Panic, and problems found.
I don't know about other people, but when I buy a used vehicle, I don't trust it at first and I usually seem to have a panic with it immediately afterward. I certainly did with the F-250 years back, and I did with this one too! In both cases, it really amounted to nothing.
A graphic like this was on the very first Willys civilian Jeeps, and appears
on the current "Willys Edition" vehicles. Had to have one! First thing I did.
What's more American than a guy in a skirt with an M1 Garand rifle standing in front of a Jeep?
Probably should have worn my heels with this picture.
Parade rest - maybe do my nails?
Proud Papa! Never mind the wrinkles in my skirt...
Nope, I wasn't kidding about the heels!
Uh-oh, part deux, although not obvious from this picture.
The dealership claims that nobody noticed the chunk missing out of the front driver's side rim - and they probably didn't because I didn't notice it either, although its right there for me, and anyone else to see in one of the original advertisement pictures as seen on the previous page! But even though I signed the usual purchase contract "As is, where is", etc, etc - they immediately agreed to purchase a replacement rim for me, a week later it came in and it was perfect.
In the meantime, I figured out that the Jeep was both idling too fast, and wouldn't "come down" to what passed for idle (1100 RPM) very quickly, it would stay up at 1800 or so, sometimes higher, for about 2 seconds then float down. A quick Google search revealed this is a very common problem caused by a dirty throttle body.
I had already replaced the FILTHY-dirty air filter, so I tore into the throttle body, which was indeed dirty. Cleaned it up, replaced its gasket, reassembled. No difference. To make a medium length story shorter, the cause was obvious in hindsight, but took some detective work on my part to find and fix.
Referring to the above engine picture, one will notice there are two right angle fittings on the top of the engine's valve cover with hoses attached. The front one provides fresh air into the crankcase, the rear one would be called a "PCV" - Positive Crankcase Ventilation - on most vehicles. Here, its called a "CCV" - Constant Crankcase Ventilation. In both cases, gases stirred up from the oil in the crankcase get sucked into the intake and burned. The two elbows look identical. They are NOT. The front one is a simple elbow, with a 1/2" passage. The rear one has a filler in it, it is only 0.060" (sixty mil) inside diameter. However, someone had replaced the rear elbow with an open type as used on the front. This resulted in way too much air getting into the engine (a vacuum leak), the computer senses this and gives the engine the correct amount of fuel for the amount of air it sees, thus increasing the speed!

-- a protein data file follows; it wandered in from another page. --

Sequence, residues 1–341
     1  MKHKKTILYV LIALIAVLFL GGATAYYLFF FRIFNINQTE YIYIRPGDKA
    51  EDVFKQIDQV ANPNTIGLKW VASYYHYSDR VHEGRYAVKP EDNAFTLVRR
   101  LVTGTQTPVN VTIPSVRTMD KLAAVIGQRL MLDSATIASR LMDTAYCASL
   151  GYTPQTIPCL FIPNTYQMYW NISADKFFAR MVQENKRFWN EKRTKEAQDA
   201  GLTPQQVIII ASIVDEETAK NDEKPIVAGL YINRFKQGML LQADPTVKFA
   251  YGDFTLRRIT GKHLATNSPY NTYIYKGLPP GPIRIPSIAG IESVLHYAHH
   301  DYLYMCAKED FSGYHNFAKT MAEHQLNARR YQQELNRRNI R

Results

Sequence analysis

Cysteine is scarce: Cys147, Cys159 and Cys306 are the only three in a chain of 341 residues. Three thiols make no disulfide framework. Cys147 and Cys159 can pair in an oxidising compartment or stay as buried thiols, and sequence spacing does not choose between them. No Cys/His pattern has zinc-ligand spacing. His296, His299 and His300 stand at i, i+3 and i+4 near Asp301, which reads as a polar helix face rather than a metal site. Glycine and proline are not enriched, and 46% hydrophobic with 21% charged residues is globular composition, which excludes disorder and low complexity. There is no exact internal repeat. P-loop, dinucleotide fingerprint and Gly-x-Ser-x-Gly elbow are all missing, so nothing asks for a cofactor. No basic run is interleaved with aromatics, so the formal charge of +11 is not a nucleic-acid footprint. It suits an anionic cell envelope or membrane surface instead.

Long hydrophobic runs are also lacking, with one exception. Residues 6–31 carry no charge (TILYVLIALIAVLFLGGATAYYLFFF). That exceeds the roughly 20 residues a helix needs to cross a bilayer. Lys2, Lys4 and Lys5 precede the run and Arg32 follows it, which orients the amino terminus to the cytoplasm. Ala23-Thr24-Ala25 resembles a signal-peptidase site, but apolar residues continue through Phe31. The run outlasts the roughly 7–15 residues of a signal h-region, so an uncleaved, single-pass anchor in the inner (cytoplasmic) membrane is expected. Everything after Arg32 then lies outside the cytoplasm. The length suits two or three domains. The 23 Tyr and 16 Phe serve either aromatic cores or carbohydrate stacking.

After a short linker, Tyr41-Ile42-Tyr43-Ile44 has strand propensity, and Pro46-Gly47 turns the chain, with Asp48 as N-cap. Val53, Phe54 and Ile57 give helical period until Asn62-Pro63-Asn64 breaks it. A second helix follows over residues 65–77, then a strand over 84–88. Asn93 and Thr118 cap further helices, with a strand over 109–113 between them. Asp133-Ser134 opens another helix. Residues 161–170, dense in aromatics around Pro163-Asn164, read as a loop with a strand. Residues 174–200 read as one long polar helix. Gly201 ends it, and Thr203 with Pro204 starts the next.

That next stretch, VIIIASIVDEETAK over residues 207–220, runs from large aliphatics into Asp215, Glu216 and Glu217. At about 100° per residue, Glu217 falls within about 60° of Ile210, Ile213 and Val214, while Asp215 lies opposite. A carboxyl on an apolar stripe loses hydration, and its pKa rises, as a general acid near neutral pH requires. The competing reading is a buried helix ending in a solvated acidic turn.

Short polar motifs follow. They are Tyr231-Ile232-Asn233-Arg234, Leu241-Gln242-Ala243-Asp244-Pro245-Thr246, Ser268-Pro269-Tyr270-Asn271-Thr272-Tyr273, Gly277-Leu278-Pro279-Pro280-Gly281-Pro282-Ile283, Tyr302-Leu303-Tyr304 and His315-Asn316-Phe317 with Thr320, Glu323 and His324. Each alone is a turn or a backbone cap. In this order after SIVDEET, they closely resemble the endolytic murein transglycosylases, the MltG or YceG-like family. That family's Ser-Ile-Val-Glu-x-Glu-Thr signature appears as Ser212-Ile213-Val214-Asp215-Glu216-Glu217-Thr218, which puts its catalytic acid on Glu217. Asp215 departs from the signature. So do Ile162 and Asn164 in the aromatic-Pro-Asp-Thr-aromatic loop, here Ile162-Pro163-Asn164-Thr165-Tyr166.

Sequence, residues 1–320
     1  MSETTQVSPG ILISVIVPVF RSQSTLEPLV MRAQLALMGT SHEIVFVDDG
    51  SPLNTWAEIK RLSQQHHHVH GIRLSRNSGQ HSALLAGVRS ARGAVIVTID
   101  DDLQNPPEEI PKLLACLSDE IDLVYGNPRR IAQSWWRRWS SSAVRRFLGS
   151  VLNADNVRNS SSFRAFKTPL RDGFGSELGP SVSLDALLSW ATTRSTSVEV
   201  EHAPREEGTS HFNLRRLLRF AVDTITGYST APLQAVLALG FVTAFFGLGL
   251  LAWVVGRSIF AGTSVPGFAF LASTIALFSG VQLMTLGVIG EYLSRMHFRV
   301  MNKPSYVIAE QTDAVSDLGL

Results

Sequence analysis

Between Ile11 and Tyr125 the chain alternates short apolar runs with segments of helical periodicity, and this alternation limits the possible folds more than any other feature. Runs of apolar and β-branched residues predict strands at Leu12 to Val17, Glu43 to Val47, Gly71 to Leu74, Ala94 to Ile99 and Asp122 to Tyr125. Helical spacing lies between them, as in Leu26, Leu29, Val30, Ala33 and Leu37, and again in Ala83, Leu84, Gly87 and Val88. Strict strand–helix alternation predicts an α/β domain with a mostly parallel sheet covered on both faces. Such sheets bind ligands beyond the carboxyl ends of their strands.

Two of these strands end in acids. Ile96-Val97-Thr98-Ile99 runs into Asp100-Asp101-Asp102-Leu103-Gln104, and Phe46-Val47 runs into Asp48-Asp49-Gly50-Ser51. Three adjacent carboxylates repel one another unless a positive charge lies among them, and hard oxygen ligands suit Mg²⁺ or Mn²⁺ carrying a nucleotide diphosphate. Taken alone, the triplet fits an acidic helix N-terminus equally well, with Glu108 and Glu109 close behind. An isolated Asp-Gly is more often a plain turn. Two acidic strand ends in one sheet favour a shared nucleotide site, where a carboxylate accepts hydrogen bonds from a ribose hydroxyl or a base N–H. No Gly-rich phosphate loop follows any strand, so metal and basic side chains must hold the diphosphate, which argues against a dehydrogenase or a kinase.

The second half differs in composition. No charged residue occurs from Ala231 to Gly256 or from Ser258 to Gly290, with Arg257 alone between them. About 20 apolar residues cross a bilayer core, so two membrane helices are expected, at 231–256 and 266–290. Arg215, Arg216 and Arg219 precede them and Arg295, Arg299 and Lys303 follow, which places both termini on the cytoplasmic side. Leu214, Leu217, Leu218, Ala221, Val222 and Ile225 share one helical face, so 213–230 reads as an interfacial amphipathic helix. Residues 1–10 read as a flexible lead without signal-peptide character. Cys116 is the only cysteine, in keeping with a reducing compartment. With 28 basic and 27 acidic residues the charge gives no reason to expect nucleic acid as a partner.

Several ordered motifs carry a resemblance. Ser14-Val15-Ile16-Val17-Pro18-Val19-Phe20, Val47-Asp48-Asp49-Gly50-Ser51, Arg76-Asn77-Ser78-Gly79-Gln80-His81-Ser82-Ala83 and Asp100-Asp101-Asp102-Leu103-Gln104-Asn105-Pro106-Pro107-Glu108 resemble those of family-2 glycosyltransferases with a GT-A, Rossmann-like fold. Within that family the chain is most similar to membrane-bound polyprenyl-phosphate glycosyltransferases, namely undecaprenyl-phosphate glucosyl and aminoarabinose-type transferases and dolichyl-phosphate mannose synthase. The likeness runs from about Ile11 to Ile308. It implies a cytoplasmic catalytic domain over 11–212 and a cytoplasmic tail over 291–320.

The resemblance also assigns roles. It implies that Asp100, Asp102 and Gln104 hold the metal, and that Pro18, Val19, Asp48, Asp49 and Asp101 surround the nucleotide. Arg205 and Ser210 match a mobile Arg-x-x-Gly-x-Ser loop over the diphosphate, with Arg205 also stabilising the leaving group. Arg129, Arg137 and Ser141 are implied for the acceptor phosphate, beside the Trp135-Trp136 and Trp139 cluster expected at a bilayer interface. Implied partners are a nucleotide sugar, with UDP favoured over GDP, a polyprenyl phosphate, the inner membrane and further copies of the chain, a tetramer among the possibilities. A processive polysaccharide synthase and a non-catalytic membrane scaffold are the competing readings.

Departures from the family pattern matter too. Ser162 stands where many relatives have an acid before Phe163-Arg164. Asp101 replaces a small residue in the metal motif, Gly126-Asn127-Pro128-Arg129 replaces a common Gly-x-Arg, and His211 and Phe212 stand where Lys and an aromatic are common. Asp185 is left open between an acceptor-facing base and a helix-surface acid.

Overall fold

I think I know what happened. "Someone" had to replace that back elbow - they are noted for getting brittle and breaking. Probably when the valve cover gasket was changed. The rubber grommet associated with the elbow was nice and pliable, obviously new also. Every auto parts store I checked with did NOT know the difference between the front and rear elbows, and only sell the open style that goes in the front. I had to special order the correct elbow, which fixed the problem very nicely - now the engine idles between 500 and 750 RPM like it should and there's no high RPM lagging. But I certainly can understand how the wrong part ended up being installed, it took some digging on my part to find out the reality of this - making it worse is the fact that the last two years of this iteration of Jeep ('05/'06 TJ), there were a few differences from earlier models and the correct elbow isn't listed by most auto parts sources - confusion all around. So I can't blame the dealership or whomever put it in, a natural mistake. No harm, no foul, all's well. Besides, I learned something and ended up with a clean throttle body out of the deal. The front elbow's grommet was pretty stiff, so I replaced it with the one removed from the rear while I was installing the correct setup in the latter.